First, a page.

Following Sandy Aid Money

January 9, 2013 9:30 AMvideo

Rafael Pi Roman follows up with a discussion about where the billions in federal money will go with Jarrett Murphy, editor-in-chief of the non-profit investigative news organization “City Limits” and Nick Powell, staff reporter for “City & State.” MetroFocus airs January 9 at 7:30 p.m. on WLIW21, January 10 at 8 p.m. on NJTV, and January 10 at 9 p.m. on THIRTEEN.

What’s in the Hurricane Sandy federal aid bill? Rafael Pi Roman talks to Jarrett Murphy, editor-in-chief of the non-profit, investigative news organization “City Limits” and to staff reporter, Nick Powell, from the New York newspaper “City & State” about where the tens of billions of dollars in federal money are going to go, and which communities are still struggling in New York.

“I think it’s a story about intense and maybe even intensifying needs among a dwindling but very substantial number of New Yorkers,” Murphy said. Murphy found that volunteers on the ground in hard hit areas of Brooklyn still see a need for relief centers and that many people still come for meals. “These areas look normal, you know the debris has been carted away. The emergency vehicles are gone but life certainly isn’t back to normal,” Murphy said.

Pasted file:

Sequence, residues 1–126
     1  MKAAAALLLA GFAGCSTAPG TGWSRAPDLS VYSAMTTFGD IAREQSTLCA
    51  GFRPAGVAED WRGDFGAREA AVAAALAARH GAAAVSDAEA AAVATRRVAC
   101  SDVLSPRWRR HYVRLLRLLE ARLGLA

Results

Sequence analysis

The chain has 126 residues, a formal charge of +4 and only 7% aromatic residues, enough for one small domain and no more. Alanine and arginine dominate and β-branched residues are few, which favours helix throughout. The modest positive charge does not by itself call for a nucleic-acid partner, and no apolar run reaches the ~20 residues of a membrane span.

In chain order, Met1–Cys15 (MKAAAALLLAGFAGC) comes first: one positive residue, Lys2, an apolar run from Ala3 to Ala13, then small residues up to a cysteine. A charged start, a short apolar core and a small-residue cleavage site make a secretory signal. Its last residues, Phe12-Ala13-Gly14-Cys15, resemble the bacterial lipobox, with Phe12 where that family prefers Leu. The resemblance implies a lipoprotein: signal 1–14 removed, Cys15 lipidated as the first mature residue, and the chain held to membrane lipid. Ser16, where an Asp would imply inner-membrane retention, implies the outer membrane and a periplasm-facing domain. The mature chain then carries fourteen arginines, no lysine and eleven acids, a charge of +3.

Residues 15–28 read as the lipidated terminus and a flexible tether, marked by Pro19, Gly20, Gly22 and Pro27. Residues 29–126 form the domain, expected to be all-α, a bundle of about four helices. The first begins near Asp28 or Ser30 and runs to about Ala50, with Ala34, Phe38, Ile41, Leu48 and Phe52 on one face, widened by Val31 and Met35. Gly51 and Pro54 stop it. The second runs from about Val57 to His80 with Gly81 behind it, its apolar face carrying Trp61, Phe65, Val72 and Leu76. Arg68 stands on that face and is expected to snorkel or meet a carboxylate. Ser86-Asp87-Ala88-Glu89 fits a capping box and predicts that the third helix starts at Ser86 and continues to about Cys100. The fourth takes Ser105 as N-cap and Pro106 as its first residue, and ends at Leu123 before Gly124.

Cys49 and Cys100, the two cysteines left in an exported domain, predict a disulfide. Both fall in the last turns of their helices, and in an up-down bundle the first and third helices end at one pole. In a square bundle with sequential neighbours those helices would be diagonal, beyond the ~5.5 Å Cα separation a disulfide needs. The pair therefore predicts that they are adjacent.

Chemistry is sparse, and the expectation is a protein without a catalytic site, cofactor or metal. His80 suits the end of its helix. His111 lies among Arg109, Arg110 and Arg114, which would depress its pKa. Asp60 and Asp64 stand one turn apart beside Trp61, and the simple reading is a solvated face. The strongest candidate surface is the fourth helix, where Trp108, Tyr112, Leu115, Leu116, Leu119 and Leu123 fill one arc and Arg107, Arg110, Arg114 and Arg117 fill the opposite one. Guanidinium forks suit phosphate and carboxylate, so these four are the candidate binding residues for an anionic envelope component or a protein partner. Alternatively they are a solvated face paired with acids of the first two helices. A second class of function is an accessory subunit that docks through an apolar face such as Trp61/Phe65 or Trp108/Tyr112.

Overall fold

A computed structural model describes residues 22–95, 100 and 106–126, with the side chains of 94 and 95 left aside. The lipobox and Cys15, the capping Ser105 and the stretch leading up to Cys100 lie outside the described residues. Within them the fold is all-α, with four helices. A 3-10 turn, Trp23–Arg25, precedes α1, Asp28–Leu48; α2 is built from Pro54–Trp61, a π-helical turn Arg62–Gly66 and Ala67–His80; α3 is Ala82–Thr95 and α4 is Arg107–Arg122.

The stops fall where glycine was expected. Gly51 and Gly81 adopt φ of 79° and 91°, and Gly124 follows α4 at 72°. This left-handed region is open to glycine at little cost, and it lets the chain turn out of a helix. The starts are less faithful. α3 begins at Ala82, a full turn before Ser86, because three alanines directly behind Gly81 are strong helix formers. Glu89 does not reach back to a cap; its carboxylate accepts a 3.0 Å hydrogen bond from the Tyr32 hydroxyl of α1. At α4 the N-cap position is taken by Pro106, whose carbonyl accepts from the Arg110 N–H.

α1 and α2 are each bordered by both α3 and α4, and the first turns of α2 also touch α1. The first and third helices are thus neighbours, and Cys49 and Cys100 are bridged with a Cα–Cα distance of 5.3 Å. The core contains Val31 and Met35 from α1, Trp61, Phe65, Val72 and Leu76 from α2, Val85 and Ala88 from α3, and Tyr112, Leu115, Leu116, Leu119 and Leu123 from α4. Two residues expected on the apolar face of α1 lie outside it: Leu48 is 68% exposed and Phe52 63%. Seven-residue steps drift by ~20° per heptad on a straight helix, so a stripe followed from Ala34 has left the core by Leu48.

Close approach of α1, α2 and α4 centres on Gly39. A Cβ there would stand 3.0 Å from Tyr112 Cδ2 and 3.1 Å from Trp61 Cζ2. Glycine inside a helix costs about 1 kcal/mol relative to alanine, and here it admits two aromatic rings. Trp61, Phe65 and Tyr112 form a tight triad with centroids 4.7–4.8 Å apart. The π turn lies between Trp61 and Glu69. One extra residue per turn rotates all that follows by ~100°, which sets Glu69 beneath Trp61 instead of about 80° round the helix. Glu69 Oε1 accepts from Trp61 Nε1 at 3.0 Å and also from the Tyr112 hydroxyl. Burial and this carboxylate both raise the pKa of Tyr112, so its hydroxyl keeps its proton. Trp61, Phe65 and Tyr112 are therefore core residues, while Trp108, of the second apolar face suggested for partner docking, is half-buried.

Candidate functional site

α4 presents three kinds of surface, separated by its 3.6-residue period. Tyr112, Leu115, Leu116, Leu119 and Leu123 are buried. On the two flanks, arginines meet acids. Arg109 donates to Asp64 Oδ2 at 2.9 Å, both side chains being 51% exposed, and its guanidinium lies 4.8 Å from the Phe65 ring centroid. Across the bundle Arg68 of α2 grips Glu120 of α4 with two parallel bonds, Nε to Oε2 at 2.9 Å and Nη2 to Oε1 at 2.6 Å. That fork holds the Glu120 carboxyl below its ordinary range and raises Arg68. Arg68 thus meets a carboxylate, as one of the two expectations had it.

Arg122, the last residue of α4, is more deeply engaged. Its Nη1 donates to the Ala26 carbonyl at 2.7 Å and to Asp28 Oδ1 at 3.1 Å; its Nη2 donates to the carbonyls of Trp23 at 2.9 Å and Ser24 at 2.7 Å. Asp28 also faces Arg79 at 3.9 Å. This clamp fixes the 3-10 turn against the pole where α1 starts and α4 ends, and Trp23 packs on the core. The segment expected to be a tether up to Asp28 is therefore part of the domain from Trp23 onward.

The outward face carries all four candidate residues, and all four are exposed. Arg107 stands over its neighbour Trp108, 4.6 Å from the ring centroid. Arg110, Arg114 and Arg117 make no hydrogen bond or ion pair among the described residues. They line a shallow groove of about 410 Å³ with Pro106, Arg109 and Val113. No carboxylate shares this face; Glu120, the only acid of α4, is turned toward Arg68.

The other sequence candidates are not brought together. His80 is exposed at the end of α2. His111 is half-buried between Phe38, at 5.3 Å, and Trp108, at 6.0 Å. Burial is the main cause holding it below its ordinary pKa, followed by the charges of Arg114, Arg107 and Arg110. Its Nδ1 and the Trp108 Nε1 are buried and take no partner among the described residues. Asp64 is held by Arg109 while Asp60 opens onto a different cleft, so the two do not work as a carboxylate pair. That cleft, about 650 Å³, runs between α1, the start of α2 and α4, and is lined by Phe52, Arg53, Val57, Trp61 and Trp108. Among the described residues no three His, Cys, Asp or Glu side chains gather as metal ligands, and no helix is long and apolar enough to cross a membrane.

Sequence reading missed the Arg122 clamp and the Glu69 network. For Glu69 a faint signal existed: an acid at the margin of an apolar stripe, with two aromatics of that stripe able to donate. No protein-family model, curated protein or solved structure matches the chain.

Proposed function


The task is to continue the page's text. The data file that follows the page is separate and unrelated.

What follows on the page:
Powell is tracking the bills now making their way through Congress. He said $17 billion will go to the Department of Housing and Urban Development’s community development fund. One third of that money will need to be used within 2 months of the bill’s passage for projects that cannot receive funding from FEMA or Army Corps of Engineers.

“[T]he language of the bill is somewhat vague,” Powell said. Lack of firm language allowed some allotments, such as money for fisheries in Alaska, to make their way into the original bill. Those allotments combined with the fact that large portions of the money are set aside for mitigation projects designed to prevent future disasters, is part of the reason some politicians oppose immediate passage of the Sandy relief bills. But Murphy said residents of damaged communities are still supporting the legislation’s quick passage. “You have to remember also that the storm didn’t just destroy buildings, it also reshaped the coastline,” Murphy said. “A lot of these areas are now actually more vulnerable to storms.”

“When you talk to people who are deeply involved in the relief program[s], they don’t know the details of this bill,” Murphy said. “[T]he fact is that there are things in the bill that won’t help them, there are needs they have that won’t be helped by the bill but they certainly feel like nothing can happen until this big pot of money becomes available to them.”

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